Saturday 17 March 2018

Rock music memorabilia

And rock 'n' roll is supposed to be recession proof? Clearly, it's not. Even the prospect of the Rolling Stones reforming for a 50th anniversary bash isn't enough to get punters spending money. Sales of music merchandise on have slipped 8 per cent since January. Rising emigration, scant disposable income and high youth unemployment are all hitting sales in the music sector. On the plus side, the last time the economy stank, we produced some jolly good bands... and some awful ones.

Hybrid car sales

Like broccoli, hybrid cars are really rather good for you. Sales of hybrids (which run on a mixture of normal petrol and electricity) have risen sharply over the last year. Toyota is kicking ass in the market. Total sales of hybrids in the first six months of 2012 were 514, compared with 410 in the same period last year. Of this 310 were Toyotas, compared with 237 in the same period last year. Any spending on new cars is a real positive for the economy. Secondhand cars are selling as well, with the latest numbers from showing a 4.1 per cent increase last week.

Tax take

At this stage in the year, we are actually paying more tax into the Exchequer than the Government expected! For the first half of the year, the Government took in revenues 3.1 per cent greater than projected. The surplus primarily comprises income and corporation taxes. This is a good sign for the economy in that monies received from employment and business activity is higher than previously thought and will serve to narrow our deficit more rapidly.


While the Irish version of Wimbledon may be a knife fight in the Phoenix Park, we can still enjoy our strawberries. Sales of strawberries, according to Donnelly Fruit & Veg, have increased by 30 per cent this year. Donnelly is selling 1m strawberries per month -- all grown in north Dublin. Consumers buying Irish-produced goods boosts local employment and cuts down on the need for imports. What's not to like?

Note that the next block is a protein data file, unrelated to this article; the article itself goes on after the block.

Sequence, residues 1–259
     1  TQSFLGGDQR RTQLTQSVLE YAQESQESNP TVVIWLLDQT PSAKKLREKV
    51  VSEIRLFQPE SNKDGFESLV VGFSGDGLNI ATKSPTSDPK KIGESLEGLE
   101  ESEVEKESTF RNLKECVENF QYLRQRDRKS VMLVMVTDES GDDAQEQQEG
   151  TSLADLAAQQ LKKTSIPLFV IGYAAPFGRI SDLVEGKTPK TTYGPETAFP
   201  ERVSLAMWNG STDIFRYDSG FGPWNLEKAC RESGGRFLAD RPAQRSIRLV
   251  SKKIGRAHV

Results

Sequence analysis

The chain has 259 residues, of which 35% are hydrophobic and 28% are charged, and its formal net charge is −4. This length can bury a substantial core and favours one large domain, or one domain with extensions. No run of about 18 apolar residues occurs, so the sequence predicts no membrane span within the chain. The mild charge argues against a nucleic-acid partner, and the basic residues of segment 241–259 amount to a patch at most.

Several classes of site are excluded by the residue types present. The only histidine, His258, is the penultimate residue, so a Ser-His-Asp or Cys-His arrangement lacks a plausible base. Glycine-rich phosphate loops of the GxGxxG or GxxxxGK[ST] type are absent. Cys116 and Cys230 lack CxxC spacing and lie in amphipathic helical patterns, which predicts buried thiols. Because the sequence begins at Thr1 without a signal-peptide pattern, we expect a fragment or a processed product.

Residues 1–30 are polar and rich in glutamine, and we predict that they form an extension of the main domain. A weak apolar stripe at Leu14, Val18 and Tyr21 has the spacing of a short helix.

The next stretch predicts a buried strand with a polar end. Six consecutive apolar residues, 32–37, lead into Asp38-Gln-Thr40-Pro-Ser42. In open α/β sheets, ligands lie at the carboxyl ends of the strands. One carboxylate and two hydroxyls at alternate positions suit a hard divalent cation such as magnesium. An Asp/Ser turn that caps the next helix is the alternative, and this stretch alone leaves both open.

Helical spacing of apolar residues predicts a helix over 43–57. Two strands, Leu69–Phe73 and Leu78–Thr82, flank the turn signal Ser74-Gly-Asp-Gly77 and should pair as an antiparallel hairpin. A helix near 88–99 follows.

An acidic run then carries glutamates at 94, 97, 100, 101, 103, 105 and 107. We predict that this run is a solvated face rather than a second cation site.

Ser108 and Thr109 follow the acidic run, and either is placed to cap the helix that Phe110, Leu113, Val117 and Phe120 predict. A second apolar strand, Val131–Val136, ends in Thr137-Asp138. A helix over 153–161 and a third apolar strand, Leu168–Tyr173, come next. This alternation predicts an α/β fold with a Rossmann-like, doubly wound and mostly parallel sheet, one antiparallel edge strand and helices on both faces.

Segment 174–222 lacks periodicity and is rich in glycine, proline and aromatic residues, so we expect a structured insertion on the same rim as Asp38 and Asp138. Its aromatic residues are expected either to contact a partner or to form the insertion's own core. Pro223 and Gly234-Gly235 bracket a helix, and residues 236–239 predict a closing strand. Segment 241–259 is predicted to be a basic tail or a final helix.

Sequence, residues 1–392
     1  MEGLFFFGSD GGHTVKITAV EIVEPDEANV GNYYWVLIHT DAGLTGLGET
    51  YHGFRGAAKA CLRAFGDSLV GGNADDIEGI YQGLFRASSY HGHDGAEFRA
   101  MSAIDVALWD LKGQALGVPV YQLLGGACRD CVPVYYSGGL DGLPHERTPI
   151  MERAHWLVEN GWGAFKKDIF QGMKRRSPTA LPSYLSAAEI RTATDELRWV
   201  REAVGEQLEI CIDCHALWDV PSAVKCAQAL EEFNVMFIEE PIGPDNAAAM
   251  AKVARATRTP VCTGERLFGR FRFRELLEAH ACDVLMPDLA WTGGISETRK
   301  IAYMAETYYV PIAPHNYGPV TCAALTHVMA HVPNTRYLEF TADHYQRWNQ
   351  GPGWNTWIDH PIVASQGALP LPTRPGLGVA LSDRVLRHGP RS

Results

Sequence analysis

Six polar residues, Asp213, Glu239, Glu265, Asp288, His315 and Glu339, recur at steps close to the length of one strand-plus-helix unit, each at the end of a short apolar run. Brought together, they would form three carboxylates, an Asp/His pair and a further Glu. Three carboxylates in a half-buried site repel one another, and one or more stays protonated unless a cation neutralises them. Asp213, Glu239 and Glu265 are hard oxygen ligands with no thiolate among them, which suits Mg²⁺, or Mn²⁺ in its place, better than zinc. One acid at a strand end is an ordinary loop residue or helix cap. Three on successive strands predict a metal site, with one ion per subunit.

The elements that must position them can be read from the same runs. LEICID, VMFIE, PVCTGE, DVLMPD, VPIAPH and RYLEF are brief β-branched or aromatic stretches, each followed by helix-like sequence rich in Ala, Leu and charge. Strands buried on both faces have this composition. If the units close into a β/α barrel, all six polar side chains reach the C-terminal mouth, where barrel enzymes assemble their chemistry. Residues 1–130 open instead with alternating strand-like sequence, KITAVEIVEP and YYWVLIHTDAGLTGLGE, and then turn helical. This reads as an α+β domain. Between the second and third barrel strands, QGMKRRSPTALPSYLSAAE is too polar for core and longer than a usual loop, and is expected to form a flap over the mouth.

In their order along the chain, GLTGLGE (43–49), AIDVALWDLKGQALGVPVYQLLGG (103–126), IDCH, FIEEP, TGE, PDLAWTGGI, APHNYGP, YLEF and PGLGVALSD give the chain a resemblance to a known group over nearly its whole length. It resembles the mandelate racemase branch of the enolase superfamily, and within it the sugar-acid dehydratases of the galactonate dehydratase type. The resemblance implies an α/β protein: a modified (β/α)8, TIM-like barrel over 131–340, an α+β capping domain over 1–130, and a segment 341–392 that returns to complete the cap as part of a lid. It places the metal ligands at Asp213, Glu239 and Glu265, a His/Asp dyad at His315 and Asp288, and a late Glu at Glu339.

Sheep Vs People

Sounds like a really addictive app. It's not. The number of sheep in Ireland now outnumbers the human population. Latest CSO figures show a spike in the number of sheep to 4.83m compared with the 2011 census figure for 4.58m people living in Ireland. The growth in sheep numbers indicates either loose morals among the sheep population or increased confidence from farmers that they can rear and sell the sheep for a profit. A resurgent farming and agricultural industry is going to be one of the drivers of export-led recovery.

Government bonds

Er... so the old bank deal wasn't quite as good as we thought, and it mightn't kick in for quite a long time yet. Tick tock. Ireland may need to go back to the markets in a big way next year. Our nine-year bond yields -- a measure of how investors view us as a risky proposition -- edged up slightly last week, hitting 6.29 per cent. The higher the interest rate, the dodgier bond investors think we are.

Euro exchange rates

On the back of the ECB rate cut last week and the lack of follow up on the momentous EU Summit a fortnight ago, the euro has fallen further against the dollar to $1.21. This continuing decline is brilliant for exporters. Not so good if you're planning on the UK or the US for your holidays, mind.

Entrepreneurship stats

Over the course of the past week, for every company that closed, 4.3 enterprises were born. This ratio compares very favourably to the July average of 2.9 which we recorded from last year. The recession has certainly brought out much indigenous entrepreneurial activity across the Emerald Isle. This is very encouraging for the economy due to the potential of economic growth, employment, and exports as well as tax receipts.

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